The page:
When confronted with big new technology, tool, or other change in the world that is growing exponentially, should we copy Bezos and go all in or stick to our knitting? I call this the Jeff Bezos Dilemma. It’s particularly important for all of us to have a solution to this dilemma because it impacts every area of our life, could change the trajectory of our life and is particularly timely in today’s world.

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Day 3️⃣

  1. Why You Should Stop Reading News by FS Blog (5min)

    We spend hours consuming news because we want to be informed. The problem is news doesn’t make us informed. In fact, the more news we consume the more misinformed we become. Rarely do we stop to ask ourselves questions about the media we consume: Is this good for me? Is this important? Asking questions makes it clear the news isn’t good for you.

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  1. Why Tacit Knowledge is More Important Than Deliberate Practice by Cedric Chin (15min)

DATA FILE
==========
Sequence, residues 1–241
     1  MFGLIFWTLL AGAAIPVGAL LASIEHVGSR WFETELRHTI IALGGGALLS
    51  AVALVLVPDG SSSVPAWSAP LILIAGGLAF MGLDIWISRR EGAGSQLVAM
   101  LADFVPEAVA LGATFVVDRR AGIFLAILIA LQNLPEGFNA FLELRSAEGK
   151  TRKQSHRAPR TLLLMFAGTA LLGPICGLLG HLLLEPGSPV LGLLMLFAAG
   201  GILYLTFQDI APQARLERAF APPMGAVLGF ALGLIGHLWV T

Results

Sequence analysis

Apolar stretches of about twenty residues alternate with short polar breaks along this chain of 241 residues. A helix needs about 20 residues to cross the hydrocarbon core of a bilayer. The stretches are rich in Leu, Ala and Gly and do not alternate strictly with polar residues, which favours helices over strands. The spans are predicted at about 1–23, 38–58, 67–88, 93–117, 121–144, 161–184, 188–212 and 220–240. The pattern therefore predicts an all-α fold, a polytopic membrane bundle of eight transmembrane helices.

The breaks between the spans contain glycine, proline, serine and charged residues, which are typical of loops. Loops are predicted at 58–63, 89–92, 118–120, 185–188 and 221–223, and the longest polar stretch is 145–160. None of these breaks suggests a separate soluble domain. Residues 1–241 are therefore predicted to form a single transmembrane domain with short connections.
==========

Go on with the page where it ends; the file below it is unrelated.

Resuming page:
Understanding that tacit knowledge exists is one of the most useful things you can have happen to you. Once you understand that tacit knowledge exists, you will begin to see that big parts of any skill tree is tacit in nature, which means that you can go hunting for it, which in turn means you can start to ask really useful question when it comes to expertise, which is: that person has it; that person is really good at it; how can I have it too?

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  1. Overrated vs. Underrated: Common Beliefs We Get Wrong by James Clear (4min)

    As a society, we often overvalue unimportant things and undervalue the ideas and strategies that make a real difference. Here’s the author's take on a few common beliefs that I think we often get wrong. Overrated: Being busy. Underrated: Doing one thing at a time.

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Day 4️⃣

  1. Cognitive bottlenecks: the inherent limits of the thinking mind by Anne-Laure Le Cunff (5min)

    The “thinking mind” is the part of the mind that seeks to make sense of the world; it analyses situations, imagines scenarios, evaluates solutions, and tells stories. It’s an inherent aspect of what makes us human. However, it’s limited by multiple cognitive bottlenecks. Two big bad bottlenecks are our attention and our working memory. So what exactly can you do to deal with these limitations?

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  1. Learning Speed: What Jeff Bezos, Elon Musk, And Bill Gates Know That Most People Don’t by Michael Simmons (18min)